“It’s a big, elliptical hole in the ground, so the extra weight must be hidden beneath the surface. And an ocean is a natural way to get that,” commented Dr. Francis Nimmo on November 16, 2016, University of California, Santa Cruz Press Release. Dr. Nimmo is an Earth and Planetary Sciences professor at UC Santa Cruz and the first author of a paper on the new findings published in the November 16, 2016, issue of Nature. A second paper, appearing in the same issue of Nature, led by Mr. James Keane at the University of Arizona in Tucson, also proposes that this reorientation occurred and points to fractures on Pluto as evidence this happened.

Dancing In The Dark

Pluto resides in our Solar System’s deep freeze; our Sun appears in its murky sky like a huge Star floating around in a strange sea of starlight. Mystery tickles the imagination, and Pluto has been an intriguing mystery for almost a century. Situated as it is, far from our Sun, Pluto remained unexplored until the New Horizons spacecraft accomplished its historic closest approach to Pluto, at about 7,750 miles above its secretive surface–about the same distance that it is from Mumbai, India, to New York City–making it the first space mission to explore this brave new world so far from Earth finally.

Dublin patron

Pluto, Charon, and the other four relatively small moons belonging to the Pluto system reside in the frigid Kuiper Belt–a dimly lit and distant domain beyond the beautiful dark blue ice giant planet Neptune, the outermost of the eight major planets orbiting our Sun. In this previously unknown and unexplored region of our Solar System, a dazzling and icy host of the tiny world, let’s do a mesmerizing ballet around our distant Star. Pluto is a relatively large resident of the Kuiper Belt, and it was originally classified as the ninth major planet from our Sun soon after its discovery in 1930.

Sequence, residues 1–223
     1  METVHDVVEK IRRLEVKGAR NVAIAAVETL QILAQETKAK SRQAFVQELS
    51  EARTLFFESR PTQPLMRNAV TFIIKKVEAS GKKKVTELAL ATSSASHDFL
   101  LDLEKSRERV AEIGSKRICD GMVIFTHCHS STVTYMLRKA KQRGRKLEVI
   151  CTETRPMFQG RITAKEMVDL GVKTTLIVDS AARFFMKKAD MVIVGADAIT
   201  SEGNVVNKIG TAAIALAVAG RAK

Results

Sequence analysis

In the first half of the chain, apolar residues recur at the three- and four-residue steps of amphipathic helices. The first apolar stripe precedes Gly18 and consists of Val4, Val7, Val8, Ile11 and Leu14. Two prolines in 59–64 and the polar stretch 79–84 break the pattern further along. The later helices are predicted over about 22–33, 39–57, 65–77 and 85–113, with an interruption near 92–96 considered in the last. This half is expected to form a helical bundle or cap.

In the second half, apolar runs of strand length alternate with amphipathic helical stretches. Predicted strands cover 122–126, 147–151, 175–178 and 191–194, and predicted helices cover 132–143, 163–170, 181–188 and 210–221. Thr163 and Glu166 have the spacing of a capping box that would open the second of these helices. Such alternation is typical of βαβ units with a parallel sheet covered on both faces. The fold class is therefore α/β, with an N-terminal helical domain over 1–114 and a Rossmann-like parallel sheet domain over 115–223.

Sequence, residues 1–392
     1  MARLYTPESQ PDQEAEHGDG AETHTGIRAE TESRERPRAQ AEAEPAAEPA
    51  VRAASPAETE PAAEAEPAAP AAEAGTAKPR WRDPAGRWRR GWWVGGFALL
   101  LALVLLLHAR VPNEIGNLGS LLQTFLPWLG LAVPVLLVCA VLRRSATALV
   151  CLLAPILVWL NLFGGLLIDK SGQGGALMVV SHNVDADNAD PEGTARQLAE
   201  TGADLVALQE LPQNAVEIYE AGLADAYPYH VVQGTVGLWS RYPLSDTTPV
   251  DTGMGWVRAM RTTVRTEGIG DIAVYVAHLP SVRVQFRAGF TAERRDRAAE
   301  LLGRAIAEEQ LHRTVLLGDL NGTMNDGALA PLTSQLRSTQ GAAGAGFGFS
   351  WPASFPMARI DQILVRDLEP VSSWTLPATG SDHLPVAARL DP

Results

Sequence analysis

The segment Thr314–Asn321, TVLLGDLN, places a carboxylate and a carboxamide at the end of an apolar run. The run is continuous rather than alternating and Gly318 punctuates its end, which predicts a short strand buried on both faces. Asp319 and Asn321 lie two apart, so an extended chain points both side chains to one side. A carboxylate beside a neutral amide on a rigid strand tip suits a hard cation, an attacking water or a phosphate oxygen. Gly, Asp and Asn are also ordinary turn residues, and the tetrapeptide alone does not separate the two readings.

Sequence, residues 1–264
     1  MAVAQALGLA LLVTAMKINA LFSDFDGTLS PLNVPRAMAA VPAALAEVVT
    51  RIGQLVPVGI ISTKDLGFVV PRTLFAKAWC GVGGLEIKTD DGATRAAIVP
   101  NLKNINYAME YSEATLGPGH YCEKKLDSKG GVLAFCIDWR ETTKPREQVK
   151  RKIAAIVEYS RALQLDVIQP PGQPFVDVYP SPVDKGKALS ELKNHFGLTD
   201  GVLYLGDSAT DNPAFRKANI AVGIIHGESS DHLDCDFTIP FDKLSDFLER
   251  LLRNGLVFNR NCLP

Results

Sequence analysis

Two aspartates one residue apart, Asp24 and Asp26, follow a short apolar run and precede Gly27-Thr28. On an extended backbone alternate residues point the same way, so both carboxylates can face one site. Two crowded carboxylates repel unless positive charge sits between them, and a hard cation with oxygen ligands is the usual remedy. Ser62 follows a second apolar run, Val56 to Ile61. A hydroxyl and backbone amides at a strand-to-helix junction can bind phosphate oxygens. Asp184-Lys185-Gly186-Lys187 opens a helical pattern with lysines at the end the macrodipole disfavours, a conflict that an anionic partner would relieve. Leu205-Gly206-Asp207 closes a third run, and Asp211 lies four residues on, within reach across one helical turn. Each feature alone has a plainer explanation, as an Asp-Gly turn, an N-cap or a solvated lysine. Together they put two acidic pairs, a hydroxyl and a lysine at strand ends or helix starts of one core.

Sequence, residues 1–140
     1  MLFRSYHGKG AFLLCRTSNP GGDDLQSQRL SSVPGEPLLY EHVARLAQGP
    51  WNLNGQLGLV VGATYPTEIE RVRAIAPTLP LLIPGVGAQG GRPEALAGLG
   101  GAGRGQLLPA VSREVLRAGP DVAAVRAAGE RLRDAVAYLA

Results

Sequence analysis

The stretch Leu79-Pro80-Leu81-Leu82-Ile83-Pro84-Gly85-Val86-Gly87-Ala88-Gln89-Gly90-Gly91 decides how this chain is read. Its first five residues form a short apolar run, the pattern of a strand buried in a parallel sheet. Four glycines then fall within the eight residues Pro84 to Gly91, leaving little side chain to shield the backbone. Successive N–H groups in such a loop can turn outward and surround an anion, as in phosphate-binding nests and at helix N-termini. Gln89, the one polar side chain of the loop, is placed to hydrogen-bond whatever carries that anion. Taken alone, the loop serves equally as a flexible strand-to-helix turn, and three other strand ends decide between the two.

However, a better understanding of the true Nature of the Kuiper Belt and its heavy population of icy inhabitants forced astronomers to realize that Pluto–a beloved, frozen, small “oddball”–is only one of the at least several large denizens of the Kuiper Belt. This realization prompted the International Astronomical Union (IAU) to define the term “planet” in 2006 formally–and, as a result, poor Pluto was unceremoniously booted out of the pantheon of major planets and re-classified as a mere dwarf planet–specifically, an ice dwarf due to its frozen Nature. Nevertheless, Pluto remains a small world of mystery and affection–and debate since its re-classification as an ice dwarf is not universally accepted among astronomers.

The Pluto saga began when a young farmer’s son from Kansas, the astronomer Clyde Tombaugh (1906-1997), had bestowed upon him the difficult task of hunting for the elusive and possibly non-existent Planet X. According to theory, Planet X is an elusive giant planet that keeps itself well-hidden from the prying eyes of curious astronomers, where it lurks in the cold twilight zone of our Solar System’s outer limits. Tombaugh, who used a telescope in Flagstaff, Arizona, discovered a faint, tiny pinpoint of light. However, Tombaugh did not find what he sought in one of the many instances of scientific uncertainty. He saw something else. What Tombaugh discovered was not Planet X–it was the little world now known as Pluto!

Carol P. Middleton
Student. Alcohol ninja. Entrepreneur. Professional travel enthusiast. Zombie fan. Practiced in the art of donating rocking horses for the underprivileged. Crossed the country researching hula hoops in Deltona, FL. Won several awards for supervising the production of etch-a-sketches in Nigeria. Uniquely-equipped for investing in bathtub gin in the financial sector. Spent a year building g.i. joes worldwide. Earned praise for deploying childrens books in Africa.